Action Comics #116, DC Comics, January 1948

We haven’t visited the early Golden Age in a while and when I came across this beauty I knew what I had to do.

In long running titles collectors tend to focus on the books with 1st appearances, cross over appearances by other heroes, major villain appearances and of course prominent covers. An obvious example of a prominent cover of an Action Comics in the late 1940s is the Atom Bomb cover on issue #101. A not so obvious example of a prominent cover is this week’s Undervalued Spotlight, Action Comics #116.

Perhaps I should say, a soon to be prominent cover. Just look at it!

I’m positive this cover will differentiate itself as a cover to have in the not to distant future. It’s simplicity is refreshing, it’s surreal and it is totally unique in the Action run.

The cover is a lead in the the 12 page Superman story “the Wizard of Winter” written by Don Cameron and penciled by Ira Yarbrough, very befitting the December issue.

Sitting snugly in the early part of DC’s 1947-1953 “scarce era” this book is not easy to find. There are only 20 graded as of this post but I’m sure this is more due to the fact not many collectors are sending this issue down, Action #101 has 48 graded by comparison. You will find this book though, raw on eBay or in bins of some of the older dealers at the Cons.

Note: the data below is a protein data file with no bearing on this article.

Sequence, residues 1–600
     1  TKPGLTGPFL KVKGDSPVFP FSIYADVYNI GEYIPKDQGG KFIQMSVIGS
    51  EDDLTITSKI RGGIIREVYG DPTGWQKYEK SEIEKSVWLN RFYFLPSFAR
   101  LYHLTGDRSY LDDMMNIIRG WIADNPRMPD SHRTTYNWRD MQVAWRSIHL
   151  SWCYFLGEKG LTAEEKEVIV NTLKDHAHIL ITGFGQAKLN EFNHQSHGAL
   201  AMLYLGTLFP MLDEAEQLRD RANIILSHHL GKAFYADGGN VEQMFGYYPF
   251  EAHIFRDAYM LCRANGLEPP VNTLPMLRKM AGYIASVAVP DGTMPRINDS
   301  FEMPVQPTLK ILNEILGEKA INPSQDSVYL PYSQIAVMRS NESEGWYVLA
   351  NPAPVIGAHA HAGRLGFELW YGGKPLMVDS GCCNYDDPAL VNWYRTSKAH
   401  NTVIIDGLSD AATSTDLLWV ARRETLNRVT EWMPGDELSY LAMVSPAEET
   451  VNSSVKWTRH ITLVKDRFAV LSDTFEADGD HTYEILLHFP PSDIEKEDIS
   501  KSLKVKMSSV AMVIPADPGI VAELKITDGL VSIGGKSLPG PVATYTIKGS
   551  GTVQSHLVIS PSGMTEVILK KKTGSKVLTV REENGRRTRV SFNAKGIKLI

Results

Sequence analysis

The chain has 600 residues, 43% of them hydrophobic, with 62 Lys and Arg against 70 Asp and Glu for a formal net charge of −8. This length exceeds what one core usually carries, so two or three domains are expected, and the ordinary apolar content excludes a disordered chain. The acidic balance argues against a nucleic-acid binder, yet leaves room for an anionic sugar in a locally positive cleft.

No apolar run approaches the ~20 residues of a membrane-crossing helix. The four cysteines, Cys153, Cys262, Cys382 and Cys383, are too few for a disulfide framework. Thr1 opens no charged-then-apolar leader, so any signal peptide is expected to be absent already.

The Guide doesn’t think much of Action Comics #116, grouping it in with a group from #103 to #120, excluding #108 which gets noted for its strong molten metal cover.

There’s only been one recent sale, a CGC 6.5 last June for way less than guide, a bargain at $287.

With the 1st appearance keys and the prominent villain covers pricing themselves out of most peoples budgets then next big wave of market discovery will be long neglected covers. Action Comics #116 is one such long neglected cover.

The 46th Overstreet price break for this book is $538/$919/$1300 in the 8.0/9.0/9.2 grade splits.

Reasons to buy this comic book as an investment.

  • Fantastic off beat cover
  • Scarce late 40s era of DCs